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Camille SAINT-SAËNS (1835-1921)
Piano Trio No.1 in F major Op.18 (1863) [25:30]
Piano Trio No.2 in E minor Op.92 (1891) [34:22]
Florestan Trio (Anthony Marwood (violin), Richard Lester (cello) Susan Tomes (piano))
rec. Henry Wood Hall, London, 21-23 December 2004
HYPERION CDA 67538 [60:03]
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The Florestan Trio are fast becoming the Beaux Arts of our time – impeccable and subtle musicianship allied to a keen virtuosity that has ensured them an international following. They continue their trawl through the seemingly endless piano trio repertoire, where so many composers have been inspired to produce their very best. It appears they are on to another real winner here, with two superb pieces that are a programmer’s delight – contrasting works from early and late in the composer’s career that fit neatly onto one disc.

I have to confess both pieces were new to me, but as with so much Saint-Saëns, once you start listening it’s as if you’ve known them all your life. The melodic invention is really on an exalted level, as is the impeccable technical craftsmanship. The first movement of the F major has such a breezy, open-air lyricism that it did not surprise me at all to learn the composer had been inspired to write it during a holiday in the Pyrenees. The main theme nags in the memory for days, not least due to the players’ natural, unforced phrasing, which lets the lines ‘breathe’ so easily. It really is wonderfully warm yet vital playing and not easily achieved, as pianist Susan Tomes’ excellent, penetrating book ‘Beyond the Notes: Journeys with Chamber Music’ makes abundantly clear. They are equally persuasive in the solemn, wistful andante that follows, with its rustic hurdy-gurdy drone and folk-like simplicity. Robert Philip’s thorough liner note tells us that the indigenous music of France’s mountain region was probably the composer’s inspiration here, and there is also a rustic feel to the breezy, almost cheeky scherzo, whose stamping syncopations have a peasant dance quality to them. The finale opens in a deceptively simple fashion before building into something grander and the Florestan’s pacing allows this growth to happen with subtlety, whilst Tomes in particular makes the most of the characteristic flair and exuberance that mark the later stages of the movement.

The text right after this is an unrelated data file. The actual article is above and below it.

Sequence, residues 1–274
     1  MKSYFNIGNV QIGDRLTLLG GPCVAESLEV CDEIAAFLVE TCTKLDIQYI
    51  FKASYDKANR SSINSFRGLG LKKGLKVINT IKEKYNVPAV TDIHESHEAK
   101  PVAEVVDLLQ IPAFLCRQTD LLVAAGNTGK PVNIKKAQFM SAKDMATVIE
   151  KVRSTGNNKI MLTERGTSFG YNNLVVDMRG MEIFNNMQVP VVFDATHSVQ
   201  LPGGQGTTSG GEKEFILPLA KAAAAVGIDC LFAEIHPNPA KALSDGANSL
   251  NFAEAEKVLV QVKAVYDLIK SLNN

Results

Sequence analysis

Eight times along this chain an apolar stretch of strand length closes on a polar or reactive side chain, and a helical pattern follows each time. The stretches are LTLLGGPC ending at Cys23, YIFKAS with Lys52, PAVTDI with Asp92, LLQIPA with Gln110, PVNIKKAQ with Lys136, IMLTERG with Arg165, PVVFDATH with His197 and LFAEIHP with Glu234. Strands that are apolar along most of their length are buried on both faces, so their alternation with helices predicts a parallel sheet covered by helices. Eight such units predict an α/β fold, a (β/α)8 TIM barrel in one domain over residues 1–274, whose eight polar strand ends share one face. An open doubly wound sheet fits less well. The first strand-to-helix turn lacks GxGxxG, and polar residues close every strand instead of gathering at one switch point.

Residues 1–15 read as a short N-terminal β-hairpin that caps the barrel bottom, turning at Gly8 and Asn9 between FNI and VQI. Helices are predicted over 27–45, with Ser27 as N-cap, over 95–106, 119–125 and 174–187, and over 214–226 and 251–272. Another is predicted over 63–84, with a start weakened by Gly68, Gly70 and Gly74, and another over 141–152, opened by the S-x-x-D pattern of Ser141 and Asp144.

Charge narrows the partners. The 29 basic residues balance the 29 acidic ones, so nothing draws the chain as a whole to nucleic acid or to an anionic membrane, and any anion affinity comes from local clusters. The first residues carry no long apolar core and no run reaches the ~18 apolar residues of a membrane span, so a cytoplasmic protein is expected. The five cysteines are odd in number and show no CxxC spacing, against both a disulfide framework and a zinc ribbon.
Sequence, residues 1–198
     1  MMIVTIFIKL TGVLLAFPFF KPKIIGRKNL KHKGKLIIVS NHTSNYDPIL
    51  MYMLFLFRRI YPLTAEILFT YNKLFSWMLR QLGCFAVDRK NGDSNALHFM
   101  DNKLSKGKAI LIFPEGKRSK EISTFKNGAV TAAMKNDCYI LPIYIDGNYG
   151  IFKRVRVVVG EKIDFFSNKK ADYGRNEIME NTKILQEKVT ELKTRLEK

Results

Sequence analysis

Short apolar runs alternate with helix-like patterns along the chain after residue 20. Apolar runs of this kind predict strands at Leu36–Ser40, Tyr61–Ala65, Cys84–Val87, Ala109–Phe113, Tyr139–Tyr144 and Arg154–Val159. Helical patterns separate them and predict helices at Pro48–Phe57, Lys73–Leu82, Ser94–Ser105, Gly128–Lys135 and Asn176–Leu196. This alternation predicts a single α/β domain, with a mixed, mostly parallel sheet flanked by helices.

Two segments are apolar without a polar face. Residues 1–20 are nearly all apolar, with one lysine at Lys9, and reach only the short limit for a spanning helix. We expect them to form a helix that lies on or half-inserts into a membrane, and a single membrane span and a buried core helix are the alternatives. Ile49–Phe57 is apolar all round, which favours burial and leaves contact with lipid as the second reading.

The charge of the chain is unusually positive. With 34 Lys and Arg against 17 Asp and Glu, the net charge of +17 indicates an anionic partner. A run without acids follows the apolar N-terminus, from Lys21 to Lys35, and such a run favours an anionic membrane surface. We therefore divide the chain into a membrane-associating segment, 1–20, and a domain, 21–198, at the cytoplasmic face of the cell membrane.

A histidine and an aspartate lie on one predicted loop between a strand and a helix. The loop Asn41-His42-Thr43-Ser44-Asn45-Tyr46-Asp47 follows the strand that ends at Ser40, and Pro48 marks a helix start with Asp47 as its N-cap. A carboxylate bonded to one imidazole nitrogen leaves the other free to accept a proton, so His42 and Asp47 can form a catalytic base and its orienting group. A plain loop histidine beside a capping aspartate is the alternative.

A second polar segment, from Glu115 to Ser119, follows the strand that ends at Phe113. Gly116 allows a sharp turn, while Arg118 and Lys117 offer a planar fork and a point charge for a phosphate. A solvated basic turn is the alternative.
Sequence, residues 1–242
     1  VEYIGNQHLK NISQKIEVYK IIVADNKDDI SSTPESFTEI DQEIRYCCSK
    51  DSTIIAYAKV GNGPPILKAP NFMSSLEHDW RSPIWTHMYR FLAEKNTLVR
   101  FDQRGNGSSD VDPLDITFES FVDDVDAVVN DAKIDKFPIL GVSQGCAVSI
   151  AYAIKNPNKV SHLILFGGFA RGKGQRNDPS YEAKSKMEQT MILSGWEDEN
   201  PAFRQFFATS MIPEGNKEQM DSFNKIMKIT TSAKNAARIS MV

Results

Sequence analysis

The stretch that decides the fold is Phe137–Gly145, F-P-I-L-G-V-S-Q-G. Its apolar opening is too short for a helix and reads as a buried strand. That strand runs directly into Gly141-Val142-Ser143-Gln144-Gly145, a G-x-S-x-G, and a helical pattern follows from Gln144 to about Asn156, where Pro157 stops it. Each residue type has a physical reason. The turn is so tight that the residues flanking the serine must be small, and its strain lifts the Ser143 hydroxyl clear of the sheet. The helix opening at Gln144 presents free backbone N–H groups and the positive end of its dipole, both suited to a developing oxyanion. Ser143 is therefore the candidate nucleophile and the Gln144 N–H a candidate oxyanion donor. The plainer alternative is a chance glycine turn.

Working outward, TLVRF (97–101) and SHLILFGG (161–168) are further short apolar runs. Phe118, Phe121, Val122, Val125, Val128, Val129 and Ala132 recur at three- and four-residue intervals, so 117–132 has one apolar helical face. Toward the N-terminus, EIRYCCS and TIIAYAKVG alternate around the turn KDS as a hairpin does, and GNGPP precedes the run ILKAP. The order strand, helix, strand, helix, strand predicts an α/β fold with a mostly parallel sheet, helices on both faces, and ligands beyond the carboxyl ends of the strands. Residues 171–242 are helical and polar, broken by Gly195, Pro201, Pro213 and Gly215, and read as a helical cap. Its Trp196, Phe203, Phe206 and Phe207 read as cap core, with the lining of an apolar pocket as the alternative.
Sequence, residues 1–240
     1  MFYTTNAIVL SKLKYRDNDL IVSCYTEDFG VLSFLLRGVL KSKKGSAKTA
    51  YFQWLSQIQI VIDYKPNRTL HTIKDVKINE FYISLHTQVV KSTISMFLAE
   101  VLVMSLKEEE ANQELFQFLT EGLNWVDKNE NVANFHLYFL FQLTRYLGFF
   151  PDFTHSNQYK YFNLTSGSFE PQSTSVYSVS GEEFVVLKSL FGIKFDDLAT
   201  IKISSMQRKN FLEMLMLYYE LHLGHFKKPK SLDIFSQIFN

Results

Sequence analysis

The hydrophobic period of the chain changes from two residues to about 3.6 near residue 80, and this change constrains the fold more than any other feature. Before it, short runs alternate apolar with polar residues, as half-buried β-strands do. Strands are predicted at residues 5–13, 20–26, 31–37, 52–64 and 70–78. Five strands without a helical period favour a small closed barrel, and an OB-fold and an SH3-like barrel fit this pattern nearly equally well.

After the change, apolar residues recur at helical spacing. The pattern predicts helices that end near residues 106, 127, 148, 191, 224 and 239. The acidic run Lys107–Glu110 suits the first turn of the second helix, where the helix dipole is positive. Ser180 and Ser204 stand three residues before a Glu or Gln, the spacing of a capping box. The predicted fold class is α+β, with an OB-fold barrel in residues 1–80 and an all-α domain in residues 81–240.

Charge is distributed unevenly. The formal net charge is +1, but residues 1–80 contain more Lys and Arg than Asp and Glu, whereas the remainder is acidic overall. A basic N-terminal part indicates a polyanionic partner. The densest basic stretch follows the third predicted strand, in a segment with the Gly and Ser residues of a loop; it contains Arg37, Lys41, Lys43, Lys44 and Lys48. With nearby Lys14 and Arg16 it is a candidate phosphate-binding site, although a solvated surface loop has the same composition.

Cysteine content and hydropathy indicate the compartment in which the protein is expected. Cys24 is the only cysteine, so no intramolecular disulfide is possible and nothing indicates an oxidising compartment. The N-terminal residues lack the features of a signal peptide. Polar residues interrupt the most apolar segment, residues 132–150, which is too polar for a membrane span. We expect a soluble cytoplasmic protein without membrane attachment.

Nearly thirty years separate the F major from its partner, the Piano Trio No.2 in E minor, and the musical climate around the composer had changed. By the 1890s he was now seen as rather old-fashioned and isolated, mainly because of his opposition to the Wagner-mania that swept Paris and French music generally. He was determined that none of the intense chromaticism that epitomised this trend would invade his own music and he stuck resolutely to his compositional principles The piece is certainly on a bigger scale than the first with an impressive arch-like five-movement structure. Philip suggests that Saint-Saëns may have had the massive Piano Trio of Tchaikovsky in mind in his opening theme, and it certainly has some of that work’s broad, sombre grandeur, though the texture does give way to a more typical transparency fairly soon. Tomes is again on stirring form here, making the most of the cascading waves of repeated chords. The second movement also hints at the Russian in its use of five-time, as in the Pathétique’s counterpart, but it ends more gently than it began and overall has the feeling of an irregular minuet. The following two movements are brief, simple and affecting, but the finale returns us to the grander scale of the opening. There is the almost inevitable fugue part way through, then echoes of previous movements before the whole thing pushes on to a sweeping, octave-led climax.

The Florestan play with a warmth and homogeneity that is hard to resist, though they do not have the field to themselves. Among recent contenders is an excellent budget version from the Joachim Trio on Naxos, which I’ve sampled on the Naxos website. Musical as it is, they seem a shade lacking in overall intensity compared to the Florestan. There is also a very well-received Harmonia Mundi disc by the Wanderer Trio which I haven’t heard, though reviews suggest their playing is full of fire and vigour, so may be worth seeking out to compare if you’re undecided. Suffice it to say that if you’re a fan of the Florestan Trio or buy the disc on impulse, you most certainly will not be disappointed. The recording, supervised as ever by Andrew Keener, is rich and detailed and the afore-mentioned notes by Susan Tomes’ real-life partner Robert Philip, are a model of scholarly enthusiasm. Recommended without reservation.

Tony Haywood



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